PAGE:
Expert in Happiness Economics Agrees with Psychologists on Children’s Screen Time and Despair

In many countries, a surge in despondency among the youth is reshaping the trajectory of human joy, according to recent studies. The researchers contend that the decline in well-being among youngsters, primarily linked to increased smartphone usage in the past decade, has become a pressing concern.

A study led by a prominent expert in the field of happiness economics is gaining traction, especially as the authorities in the U.S. and several other nations express heightened worry about the impact of technology on children. This research might amplify calls for stricter restrictions on social media access, already prompting phone bans in schools and contentious hearings in Congress regarding TikTok.

Recently, an economist from Dartmouth College, David Blanchflower, unveiled a working paper indicating a significant surge in sadness and hopelessness over the past 15 years, particularly among individuals aged 14 to 24. This increase mirrors the substantial rise in screen time, especially among the youth, during the same period.

The statistics reveal that over 10% of young women reported experiencing a daily “bad mental health day” in 2022, up threefold from levels in 1993. Concurrently, the percentage of young women spending four or more hours per day on screens surged from 8% in 2003 to 61% in 2022.

Blanchflower termed these trends as a “crisis of our kids,” expressing concern about its potential long-term impact on their well-being and overall social progress. While the direct causal link between increased screen time and rising unhappiness isn’t definitive, he emphasizes the urgent need to address the issue due to its apparent danger.

In a previous interview, Blanchflower underscored the importance of addressing the upsurge in despair among young people, emphasizing the potentially dire consequences of not taking action to tackle the issue effectively. Referring to the correlation between screen time and emotional distress among the youth, he urged proactive measures to mitigate the impact.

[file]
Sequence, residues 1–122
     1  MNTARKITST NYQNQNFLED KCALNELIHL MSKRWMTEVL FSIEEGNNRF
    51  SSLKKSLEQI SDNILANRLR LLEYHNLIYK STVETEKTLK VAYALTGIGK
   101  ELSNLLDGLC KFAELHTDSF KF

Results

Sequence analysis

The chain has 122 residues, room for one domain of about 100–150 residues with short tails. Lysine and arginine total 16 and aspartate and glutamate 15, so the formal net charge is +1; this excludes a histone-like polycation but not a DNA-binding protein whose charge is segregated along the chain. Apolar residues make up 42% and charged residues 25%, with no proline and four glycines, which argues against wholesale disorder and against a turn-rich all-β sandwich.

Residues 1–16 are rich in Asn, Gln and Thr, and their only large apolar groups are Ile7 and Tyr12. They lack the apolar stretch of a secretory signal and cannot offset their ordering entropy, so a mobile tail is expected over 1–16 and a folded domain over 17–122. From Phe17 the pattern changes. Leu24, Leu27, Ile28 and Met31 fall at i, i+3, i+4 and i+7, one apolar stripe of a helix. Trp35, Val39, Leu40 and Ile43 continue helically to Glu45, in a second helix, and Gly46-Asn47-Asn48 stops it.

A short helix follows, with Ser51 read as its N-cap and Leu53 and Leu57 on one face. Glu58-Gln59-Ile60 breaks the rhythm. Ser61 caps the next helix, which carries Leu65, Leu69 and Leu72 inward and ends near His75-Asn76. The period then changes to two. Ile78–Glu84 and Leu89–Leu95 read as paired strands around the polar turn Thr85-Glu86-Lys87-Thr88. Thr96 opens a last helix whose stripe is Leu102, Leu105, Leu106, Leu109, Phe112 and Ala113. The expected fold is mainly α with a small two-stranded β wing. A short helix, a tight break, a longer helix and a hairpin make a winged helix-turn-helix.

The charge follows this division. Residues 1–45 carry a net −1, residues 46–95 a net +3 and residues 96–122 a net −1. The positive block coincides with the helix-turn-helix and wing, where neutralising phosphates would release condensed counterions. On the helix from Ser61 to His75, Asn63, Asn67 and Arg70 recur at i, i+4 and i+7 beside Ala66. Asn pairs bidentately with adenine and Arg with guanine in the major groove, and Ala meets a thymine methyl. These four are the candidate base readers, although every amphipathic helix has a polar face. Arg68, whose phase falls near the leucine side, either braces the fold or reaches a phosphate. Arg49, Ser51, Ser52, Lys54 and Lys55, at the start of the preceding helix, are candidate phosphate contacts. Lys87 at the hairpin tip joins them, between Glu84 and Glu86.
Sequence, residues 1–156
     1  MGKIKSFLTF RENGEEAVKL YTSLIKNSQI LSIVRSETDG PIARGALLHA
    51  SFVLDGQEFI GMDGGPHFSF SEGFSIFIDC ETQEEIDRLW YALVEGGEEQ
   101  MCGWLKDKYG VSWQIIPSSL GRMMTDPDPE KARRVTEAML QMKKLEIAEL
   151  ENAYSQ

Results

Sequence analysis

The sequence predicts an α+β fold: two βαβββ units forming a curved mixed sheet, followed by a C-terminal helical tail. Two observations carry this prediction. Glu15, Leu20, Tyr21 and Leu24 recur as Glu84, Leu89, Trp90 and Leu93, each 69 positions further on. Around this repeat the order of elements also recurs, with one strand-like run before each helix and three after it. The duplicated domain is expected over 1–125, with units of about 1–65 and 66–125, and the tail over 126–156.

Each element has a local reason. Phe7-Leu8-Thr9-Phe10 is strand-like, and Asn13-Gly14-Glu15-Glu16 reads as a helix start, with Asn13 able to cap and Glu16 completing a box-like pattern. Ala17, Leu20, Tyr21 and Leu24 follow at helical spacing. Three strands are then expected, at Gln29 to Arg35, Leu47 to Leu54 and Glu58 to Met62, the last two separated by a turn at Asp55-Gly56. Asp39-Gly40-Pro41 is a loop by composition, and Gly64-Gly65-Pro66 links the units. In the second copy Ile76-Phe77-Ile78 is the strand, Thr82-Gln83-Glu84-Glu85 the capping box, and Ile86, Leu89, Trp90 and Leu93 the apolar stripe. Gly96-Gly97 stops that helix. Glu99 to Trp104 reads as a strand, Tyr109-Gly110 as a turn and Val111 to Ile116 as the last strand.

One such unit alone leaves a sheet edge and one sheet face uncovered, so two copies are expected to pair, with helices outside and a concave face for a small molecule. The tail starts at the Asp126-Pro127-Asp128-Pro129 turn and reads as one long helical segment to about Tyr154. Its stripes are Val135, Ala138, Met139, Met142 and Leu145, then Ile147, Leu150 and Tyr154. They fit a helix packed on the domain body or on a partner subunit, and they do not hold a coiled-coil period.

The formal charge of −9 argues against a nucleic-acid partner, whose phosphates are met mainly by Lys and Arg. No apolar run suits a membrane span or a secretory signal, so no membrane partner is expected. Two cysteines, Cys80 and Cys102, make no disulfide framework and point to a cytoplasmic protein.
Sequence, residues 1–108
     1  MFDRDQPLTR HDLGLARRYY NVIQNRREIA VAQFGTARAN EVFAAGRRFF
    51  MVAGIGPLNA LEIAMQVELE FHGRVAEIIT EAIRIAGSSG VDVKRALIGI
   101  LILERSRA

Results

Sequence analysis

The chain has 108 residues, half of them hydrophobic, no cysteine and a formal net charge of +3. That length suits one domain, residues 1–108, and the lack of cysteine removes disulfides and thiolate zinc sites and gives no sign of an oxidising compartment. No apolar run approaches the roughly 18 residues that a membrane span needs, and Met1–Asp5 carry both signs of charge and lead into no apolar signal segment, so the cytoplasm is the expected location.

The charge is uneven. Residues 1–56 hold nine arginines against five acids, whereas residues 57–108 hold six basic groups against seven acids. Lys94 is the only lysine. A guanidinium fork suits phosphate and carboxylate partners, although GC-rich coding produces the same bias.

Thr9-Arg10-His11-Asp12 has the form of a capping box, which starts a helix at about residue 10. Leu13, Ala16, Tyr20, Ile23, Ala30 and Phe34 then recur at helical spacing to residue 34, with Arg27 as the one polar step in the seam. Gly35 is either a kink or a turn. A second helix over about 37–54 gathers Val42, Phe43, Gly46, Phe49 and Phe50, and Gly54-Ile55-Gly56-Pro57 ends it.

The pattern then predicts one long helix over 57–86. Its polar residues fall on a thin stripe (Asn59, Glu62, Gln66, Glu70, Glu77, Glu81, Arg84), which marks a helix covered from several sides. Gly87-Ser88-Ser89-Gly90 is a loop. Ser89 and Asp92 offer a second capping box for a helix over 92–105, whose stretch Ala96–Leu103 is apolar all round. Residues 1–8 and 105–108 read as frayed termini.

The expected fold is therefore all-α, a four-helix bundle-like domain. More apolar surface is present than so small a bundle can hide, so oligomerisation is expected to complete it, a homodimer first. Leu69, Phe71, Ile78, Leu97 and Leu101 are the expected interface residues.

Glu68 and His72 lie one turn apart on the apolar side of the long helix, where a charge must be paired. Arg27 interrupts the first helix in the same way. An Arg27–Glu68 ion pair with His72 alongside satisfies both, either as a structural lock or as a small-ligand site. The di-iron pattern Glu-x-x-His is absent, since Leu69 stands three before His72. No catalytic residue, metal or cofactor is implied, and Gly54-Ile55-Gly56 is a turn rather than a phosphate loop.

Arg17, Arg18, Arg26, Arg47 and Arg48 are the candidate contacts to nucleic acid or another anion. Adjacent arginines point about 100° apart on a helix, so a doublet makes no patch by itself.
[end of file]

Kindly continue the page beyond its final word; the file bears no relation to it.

Blanchflower’s hypothesis aligns with previous work that has criticized the detrimental effects of smartphones on children’s mental health. With mounting evidence pointing to the negative implications of prolonged screen time, including adverse psychological effects, the need for intervention is evident.

While there is increasing consensus on the need to regulate children’s access to technology, not all stakeholders are convinced of the singular role of tech in causing mental health issues. Despite acknowledging the potential harms of social media overuse, addressing its effects effectively remains a significant challenge, with differing opinions on the best approach to navigate this complex issue.

Educators, parents, and policymakers are now more open to contemplating limitations on children’s online activities, reflecting broader concerns about the impact of social media on youth. Recent legislative actions, such as banning social media for young children and proposing the sale of platforms like TikTok, signal a growing acknowledgment of the need to safeguard children’s online experiences.

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